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1998 09 16 * Inside News * M16 Operations - against member states of the European Union

John Wadham
21 Tabard Street
London SE1

16 September 1998

Dear John,

I enclose a document describing some of MI6's operations against member states of the European Union. I would be grateful if you would pass this to the Intelligence Services Parliamentary Select Committee. Clearly, many of MI6's operations in Europe break European law and are against the spirit of the European Union. I believe that the legality and scope of Britain's espionage operations against our European partners should be debated by Parliament, not decided behind closed doors by the JIC and MI6 itself.
I trust that this document will be passed to the Parliamentary select committee in a secure manner.

Yours sincerely,
Richard Tomlinson






Geneva, 16 September 1998

The Intelligence Services Select Committee
House of Commons
London SW1

MI6 Operations against member states of the European Union

Dear Sirs,

I would like to draw your attention to MI6's operations against fellow member states of the European Union. It is my belief that many, if not all, of such operations would be illegal under European law as it is illegal for UK government officials to bribe government officials of fellow European states. I am also concerned that the extent of MI6 operations against European allies are not known by your committee, and their legality has not been debated by Parliament. I suspect that, if MI6 were accountable to Parliament rather than to the JIC, then such operations would not be authorised. I believe that an urgent review of the legality of such operations is required by Parliament, and that European allies should be given the same status as our existing intelligence allies the USA, Canada, Australia and New Zealand.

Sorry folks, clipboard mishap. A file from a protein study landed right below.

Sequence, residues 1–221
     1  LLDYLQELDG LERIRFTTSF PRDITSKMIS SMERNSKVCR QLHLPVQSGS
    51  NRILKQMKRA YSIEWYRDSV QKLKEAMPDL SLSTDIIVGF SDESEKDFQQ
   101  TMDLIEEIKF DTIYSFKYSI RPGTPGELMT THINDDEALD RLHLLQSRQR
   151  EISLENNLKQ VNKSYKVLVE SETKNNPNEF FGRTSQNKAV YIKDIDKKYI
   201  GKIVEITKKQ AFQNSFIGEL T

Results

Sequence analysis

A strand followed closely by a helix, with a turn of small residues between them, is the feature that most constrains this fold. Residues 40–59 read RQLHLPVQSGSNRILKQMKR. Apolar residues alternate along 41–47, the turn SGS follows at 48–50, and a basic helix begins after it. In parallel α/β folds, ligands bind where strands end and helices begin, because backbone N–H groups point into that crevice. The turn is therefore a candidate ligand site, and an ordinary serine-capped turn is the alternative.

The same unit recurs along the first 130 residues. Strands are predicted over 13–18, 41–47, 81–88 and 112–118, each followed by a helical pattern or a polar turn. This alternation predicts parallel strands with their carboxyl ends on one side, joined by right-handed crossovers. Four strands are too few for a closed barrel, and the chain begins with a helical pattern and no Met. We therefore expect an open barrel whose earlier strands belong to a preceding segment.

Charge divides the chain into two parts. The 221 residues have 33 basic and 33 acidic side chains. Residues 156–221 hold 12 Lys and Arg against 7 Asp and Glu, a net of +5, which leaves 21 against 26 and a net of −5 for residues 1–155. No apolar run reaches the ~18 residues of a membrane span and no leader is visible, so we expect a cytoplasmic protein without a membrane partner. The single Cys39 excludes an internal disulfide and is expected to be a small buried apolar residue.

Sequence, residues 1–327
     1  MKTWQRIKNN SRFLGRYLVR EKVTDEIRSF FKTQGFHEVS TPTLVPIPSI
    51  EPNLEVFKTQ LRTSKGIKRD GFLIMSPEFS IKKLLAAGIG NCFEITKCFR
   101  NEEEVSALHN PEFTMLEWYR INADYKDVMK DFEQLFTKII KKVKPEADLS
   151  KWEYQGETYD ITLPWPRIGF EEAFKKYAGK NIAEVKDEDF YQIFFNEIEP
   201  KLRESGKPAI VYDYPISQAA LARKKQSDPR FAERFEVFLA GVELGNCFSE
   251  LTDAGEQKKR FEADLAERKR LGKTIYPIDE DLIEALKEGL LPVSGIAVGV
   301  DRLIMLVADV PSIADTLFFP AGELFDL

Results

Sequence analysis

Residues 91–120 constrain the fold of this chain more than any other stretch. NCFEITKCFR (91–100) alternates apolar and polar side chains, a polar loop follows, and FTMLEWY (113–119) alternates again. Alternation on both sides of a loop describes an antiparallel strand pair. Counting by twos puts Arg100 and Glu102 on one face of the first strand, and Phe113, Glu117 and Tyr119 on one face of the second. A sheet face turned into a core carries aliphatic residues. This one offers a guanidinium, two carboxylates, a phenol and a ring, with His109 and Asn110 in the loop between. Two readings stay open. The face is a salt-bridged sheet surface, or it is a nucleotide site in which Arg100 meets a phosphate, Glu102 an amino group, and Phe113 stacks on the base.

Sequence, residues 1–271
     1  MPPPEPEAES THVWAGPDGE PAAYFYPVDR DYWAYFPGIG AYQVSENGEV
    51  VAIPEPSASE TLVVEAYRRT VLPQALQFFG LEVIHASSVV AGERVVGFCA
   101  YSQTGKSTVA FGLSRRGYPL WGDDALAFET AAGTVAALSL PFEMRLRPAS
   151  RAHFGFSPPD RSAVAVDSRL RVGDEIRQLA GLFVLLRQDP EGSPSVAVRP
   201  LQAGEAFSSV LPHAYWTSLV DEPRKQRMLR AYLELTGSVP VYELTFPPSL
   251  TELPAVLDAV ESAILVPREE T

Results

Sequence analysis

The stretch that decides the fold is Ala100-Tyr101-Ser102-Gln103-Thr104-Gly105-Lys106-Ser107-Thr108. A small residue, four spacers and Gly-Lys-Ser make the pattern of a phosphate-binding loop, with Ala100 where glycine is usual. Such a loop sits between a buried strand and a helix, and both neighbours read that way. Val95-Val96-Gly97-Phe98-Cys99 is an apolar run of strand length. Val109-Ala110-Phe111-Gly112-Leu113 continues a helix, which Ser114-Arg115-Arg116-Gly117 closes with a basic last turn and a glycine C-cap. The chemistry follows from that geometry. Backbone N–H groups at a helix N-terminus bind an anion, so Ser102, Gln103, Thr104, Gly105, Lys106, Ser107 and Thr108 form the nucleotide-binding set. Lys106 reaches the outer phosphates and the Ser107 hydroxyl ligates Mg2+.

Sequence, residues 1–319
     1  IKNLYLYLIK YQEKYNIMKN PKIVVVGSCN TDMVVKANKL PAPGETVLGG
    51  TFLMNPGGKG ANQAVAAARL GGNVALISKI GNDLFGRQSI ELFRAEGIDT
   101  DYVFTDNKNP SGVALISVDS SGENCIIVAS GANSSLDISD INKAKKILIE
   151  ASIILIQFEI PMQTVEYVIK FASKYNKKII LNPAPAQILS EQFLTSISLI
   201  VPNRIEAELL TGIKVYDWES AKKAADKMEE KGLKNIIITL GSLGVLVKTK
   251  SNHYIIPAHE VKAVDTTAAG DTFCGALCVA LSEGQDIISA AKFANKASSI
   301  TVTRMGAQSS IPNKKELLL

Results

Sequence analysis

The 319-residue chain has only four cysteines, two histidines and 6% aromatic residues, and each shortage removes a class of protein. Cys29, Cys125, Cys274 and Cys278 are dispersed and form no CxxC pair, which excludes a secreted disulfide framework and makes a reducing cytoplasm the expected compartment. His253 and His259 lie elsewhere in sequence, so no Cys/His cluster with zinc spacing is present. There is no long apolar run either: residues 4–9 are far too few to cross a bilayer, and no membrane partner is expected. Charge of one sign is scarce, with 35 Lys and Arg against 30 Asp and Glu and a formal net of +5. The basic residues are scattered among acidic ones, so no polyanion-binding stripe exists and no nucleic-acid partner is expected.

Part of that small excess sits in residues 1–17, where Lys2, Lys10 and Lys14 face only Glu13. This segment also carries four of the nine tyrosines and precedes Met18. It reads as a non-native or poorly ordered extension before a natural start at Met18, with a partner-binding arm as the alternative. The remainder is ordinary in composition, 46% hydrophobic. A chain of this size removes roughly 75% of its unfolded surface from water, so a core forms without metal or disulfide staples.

MI6's main European intelligence targets are Germany and France, though there are also requirements against Spain, Italy and Switzerland. The primary intelligence requirement against Germany is economic intelligence, though there are also some requirements against its military capabilities. The primary requirements against France are military, particularly against its nuclear deterrent and advanced military technology.
Espionage operations against our European allies is regarded as highly sensitive within MI6, because officers are aware that this work would be deemed illegal under European law, and has not been authorised by Parliament. All anti-European operations are given the generic codename "Jetstream", and are accorded the same level of secrecy and need-to-know indoctrination as highly sensitive Russian casework. I was never formally indoctrinated to "Jetstream", but I became acquainted with such operations because various friends were working in this area.
Jetstream operations are carried out by all MI6 officers working in European countries and are supported by a UK station (UKB, approximately ten officers based at Vauxhall Cross) which carries out natural cover (undercover as businessmen, journalists etc) against the European target. Much intelligence is gathered from "unconscious" informers who are aware that they are giving away confidential information, but believe that their case officer is a journalist or businessman, and that their information is to be used only in specialist technical publications or trade journals. UKB has, for example, been obtaining for several years intelligence on France's ability to track submerged submarines using remote sensing from satellites. Operations of this nature do not glean very sensitive information, because clearly the informant thinks that the information is likely to reach the public domain and so would not provide genuinely valuable information. Operations of this sort, I suspect, would not necessarily breach European law.